Frederick Smith started his own brewery when he was just 21. He was however part
of a family rooted in the industry of beer production. His father, William
Smith, was a master cooper before buying a beer shop in Gosta Green. A
successful publican, William was able to establish his own brewery in Aston.
This was called The Model, the original brewery of this name. However, this was
not the Model Brewery operated by son Frederick. When William Smith died in 1878
and, in order to provide for a widow and eight children, the business, including
the Queen's Hotel, Brewery and Maltings, was sold off. Although the brewery was
bought by the Atkinson brothers, two of William Smith's eldest sons, Thomas and
Henry, were able to buy two of their father's pubs for themselves. Frederick
Smith was only 18 years old and took the experience he had gained working with
his father and became an employee at Atkinson's. After two more years of
valuable training and experience, he went independent on August 18th 1880 by
acquiring the neighbouring Victoria Brewery. These premises were further down
the Lichfield Road in Aston.
Frederick Smith was a very astute businessman and
he was able to expand the business. By 1888 he had purchased adjoining land and
built a larger brewery to supply an increasing number of outlets. This was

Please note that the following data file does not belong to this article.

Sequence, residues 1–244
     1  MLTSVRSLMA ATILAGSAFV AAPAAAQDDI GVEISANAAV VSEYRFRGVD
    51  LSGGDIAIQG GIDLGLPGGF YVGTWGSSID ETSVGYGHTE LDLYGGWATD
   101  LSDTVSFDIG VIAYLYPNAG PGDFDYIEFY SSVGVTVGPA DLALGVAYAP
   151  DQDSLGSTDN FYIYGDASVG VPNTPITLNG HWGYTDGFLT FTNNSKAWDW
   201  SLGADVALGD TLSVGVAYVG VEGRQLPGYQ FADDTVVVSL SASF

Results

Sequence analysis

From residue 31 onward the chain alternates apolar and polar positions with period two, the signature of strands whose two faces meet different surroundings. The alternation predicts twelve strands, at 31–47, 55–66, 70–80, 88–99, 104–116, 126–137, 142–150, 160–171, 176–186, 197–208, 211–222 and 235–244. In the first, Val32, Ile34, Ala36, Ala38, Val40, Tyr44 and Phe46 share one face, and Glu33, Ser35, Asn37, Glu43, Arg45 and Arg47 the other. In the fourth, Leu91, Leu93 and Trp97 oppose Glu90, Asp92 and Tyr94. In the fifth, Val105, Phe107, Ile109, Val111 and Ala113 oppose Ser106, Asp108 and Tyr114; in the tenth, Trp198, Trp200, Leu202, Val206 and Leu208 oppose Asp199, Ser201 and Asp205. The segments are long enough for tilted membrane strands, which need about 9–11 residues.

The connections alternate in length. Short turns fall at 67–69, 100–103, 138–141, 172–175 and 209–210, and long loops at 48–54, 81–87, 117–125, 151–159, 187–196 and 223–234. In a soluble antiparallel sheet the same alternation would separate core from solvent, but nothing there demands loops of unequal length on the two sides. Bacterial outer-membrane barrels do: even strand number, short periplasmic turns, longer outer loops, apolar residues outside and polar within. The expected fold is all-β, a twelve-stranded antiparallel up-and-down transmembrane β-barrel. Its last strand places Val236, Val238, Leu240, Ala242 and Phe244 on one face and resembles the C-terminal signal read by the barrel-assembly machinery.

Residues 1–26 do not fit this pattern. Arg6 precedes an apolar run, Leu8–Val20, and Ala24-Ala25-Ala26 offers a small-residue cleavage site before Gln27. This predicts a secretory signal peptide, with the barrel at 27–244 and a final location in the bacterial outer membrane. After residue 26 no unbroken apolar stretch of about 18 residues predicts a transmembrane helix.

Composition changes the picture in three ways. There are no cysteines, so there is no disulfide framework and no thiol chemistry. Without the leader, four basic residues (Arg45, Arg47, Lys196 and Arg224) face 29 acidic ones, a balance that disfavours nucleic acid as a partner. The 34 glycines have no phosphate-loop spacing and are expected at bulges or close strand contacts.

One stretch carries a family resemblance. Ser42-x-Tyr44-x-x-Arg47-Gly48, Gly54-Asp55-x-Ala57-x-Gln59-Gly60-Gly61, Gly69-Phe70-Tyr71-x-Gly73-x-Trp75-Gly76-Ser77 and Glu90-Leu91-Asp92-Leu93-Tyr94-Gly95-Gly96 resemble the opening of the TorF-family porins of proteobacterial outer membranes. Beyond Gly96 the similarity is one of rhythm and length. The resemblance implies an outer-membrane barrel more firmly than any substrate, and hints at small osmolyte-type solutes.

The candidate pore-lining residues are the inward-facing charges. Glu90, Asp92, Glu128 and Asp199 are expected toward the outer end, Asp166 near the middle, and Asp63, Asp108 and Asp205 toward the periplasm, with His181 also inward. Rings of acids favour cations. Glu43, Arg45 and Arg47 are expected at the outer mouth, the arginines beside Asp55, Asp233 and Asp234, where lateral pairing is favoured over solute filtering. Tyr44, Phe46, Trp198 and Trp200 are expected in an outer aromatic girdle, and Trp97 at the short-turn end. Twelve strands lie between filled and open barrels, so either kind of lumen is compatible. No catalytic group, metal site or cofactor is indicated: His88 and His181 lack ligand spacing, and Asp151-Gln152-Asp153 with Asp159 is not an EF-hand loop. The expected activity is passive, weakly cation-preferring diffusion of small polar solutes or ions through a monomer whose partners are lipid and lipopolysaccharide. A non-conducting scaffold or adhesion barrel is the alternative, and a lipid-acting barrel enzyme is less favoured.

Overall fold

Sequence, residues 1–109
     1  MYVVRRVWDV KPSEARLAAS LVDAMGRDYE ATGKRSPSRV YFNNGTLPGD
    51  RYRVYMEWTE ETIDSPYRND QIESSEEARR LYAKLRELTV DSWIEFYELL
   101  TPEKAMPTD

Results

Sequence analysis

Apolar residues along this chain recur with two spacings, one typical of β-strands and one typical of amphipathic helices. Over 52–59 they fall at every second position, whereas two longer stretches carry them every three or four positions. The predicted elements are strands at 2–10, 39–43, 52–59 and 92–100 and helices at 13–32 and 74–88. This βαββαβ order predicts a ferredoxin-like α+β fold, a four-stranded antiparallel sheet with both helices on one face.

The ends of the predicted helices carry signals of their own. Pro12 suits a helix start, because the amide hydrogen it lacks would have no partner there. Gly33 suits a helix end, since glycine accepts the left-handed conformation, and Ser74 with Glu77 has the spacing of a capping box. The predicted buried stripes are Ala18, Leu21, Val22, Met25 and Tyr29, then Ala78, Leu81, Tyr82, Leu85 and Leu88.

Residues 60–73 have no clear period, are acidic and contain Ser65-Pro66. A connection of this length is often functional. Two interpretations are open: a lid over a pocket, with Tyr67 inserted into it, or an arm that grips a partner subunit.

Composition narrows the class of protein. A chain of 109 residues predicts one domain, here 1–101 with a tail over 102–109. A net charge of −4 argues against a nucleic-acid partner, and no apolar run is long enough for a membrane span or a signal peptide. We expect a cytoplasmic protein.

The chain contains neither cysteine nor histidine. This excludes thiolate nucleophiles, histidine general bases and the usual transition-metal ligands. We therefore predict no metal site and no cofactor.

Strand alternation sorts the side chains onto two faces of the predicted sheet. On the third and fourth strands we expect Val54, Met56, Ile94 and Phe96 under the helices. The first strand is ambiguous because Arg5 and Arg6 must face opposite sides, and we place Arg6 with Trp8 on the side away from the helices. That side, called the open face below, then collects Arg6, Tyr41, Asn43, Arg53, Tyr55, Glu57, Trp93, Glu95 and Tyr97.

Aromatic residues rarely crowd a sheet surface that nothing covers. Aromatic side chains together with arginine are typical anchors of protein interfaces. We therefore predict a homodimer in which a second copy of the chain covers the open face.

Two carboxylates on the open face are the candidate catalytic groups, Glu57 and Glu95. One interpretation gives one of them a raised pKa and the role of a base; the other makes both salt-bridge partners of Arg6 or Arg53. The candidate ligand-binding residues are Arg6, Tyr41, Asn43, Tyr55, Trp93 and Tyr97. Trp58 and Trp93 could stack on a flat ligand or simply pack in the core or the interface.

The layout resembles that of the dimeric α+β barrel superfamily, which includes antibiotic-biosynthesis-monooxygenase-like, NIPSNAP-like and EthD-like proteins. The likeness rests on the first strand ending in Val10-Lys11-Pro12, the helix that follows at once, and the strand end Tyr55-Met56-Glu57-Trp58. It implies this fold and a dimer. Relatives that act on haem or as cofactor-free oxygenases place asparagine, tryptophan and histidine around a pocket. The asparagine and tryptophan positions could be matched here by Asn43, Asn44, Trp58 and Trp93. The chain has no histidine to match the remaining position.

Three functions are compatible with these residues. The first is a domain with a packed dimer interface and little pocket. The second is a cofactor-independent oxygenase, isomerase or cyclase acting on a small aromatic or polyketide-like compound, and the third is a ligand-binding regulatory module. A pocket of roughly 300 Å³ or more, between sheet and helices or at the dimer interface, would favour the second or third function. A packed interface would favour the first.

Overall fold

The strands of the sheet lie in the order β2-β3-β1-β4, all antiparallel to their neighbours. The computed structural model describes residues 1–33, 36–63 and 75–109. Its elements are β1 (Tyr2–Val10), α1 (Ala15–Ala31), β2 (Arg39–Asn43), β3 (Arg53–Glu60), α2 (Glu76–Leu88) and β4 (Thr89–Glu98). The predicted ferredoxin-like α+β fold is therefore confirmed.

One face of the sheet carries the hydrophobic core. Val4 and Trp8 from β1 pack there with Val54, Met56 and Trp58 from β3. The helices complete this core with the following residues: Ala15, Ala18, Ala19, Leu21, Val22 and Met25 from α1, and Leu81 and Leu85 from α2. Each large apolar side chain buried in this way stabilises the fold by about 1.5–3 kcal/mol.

called the Aston Model Brewery. In 1892 he built a sixty-quarter malt house and
three years later the business was registered as a limited company. Continued
expansion included the acquisition of more public houses and an extension to the
brewery. A bottling plant was added around 1898. To ensure continuity of the
business, Frederick Smith sent his eldest son Frederick to study at the Brewing
School of the University of Birmingham. Younger son Sydney meanwhile
concentrated on looking after the brewery’s tied house estate. The brewery was
significantly improved in 1922. In addition to new brewing plant, a fresh
artesian well was sunk to increase the online volume of the noted Aston water.
In 1927 King George V knighted Frederick Smith for his services to the
communities of Aston and Birmingham. The company was acquired by
William Butler's Springfield Brewery of
Wolverhampton in 1955. The fine etched glass window [below] for the Smith's
Model Brewery can be found at The Model public house, formerly the Queen's Head
in Langley Green.
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